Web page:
Nirmalya Kumar, author of India’s Global Powerhouses: How They Are Taking on the World, believes that the scale of Chinese investment in Africa has led to something of a backlash, opening the door to Indian companies. Another factor driving Indian mining investment in Africa is that Environment Minister Jairam Ramesh has prevented the extraction of large quantities of low-grade thermal coal, essential for Indian power production. The country’s Supreme Court judges intervened in 2011, banning all mining in the southern Indian state of Karnataka. The court was responding to a committee’s findings that revealed the scale of deforestation and environment damage being done in the region, where some 35mt of iron ore were being produced each year. These difficulties at home naturally led to Indian companies looking further afield and Africa is particularly attractive – especially since there are sizeable Indian migrant populations present in Africa.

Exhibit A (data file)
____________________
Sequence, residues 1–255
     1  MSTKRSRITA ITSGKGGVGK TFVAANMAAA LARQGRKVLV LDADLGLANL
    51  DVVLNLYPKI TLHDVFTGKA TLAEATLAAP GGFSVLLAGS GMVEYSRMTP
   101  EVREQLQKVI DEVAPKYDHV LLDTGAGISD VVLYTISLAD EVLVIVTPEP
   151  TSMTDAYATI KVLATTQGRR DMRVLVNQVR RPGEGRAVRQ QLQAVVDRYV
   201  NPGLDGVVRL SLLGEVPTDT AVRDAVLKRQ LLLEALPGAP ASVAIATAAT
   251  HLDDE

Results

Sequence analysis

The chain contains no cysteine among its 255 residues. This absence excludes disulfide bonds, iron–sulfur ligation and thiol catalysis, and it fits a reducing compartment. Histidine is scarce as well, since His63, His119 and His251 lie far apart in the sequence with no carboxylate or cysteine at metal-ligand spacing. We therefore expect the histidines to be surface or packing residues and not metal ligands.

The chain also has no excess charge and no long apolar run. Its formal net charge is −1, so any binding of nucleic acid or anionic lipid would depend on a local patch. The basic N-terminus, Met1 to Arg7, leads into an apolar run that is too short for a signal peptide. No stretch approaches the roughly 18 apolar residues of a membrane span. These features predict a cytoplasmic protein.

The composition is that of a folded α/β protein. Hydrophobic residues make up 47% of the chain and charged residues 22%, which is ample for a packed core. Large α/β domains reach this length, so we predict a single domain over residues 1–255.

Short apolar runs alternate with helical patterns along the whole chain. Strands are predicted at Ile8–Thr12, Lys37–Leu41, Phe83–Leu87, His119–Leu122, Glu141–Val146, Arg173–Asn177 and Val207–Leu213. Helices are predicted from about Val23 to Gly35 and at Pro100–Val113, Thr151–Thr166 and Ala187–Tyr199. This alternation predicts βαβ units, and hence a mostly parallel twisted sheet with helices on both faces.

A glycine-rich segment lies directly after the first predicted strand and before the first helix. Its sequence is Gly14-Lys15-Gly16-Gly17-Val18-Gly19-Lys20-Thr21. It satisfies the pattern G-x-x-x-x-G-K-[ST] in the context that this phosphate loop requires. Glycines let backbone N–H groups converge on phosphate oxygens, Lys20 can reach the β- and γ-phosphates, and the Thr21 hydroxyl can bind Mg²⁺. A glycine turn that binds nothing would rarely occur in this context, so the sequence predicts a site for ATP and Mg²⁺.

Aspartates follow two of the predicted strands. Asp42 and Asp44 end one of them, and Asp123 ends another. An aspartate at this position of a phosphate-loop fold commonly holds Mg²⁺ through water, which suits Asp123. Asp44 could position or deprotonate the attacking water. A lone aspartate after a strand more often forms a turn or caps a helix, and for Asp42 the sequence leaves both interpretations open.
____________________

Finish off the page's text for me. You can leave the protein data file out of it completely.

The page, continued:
As a result, there are large numbers of Indian companies engaged in mining in Africa and any number of deals currently in the pipeline. Indian steel giant ArcelorMittal – the world’s largest, producing 10% of all steel made – has a substantial presence on the continent, mining iron ore in Algeria, Mauritania, Senegal and South Africa, in addition to coal and manganese. The company is currently involved in a dispute with Anglo American subsidiary Kumba Iron Ore over the Sishen mine and the termination of a contract to supply ArcelorMittal with ore using a set-price formula.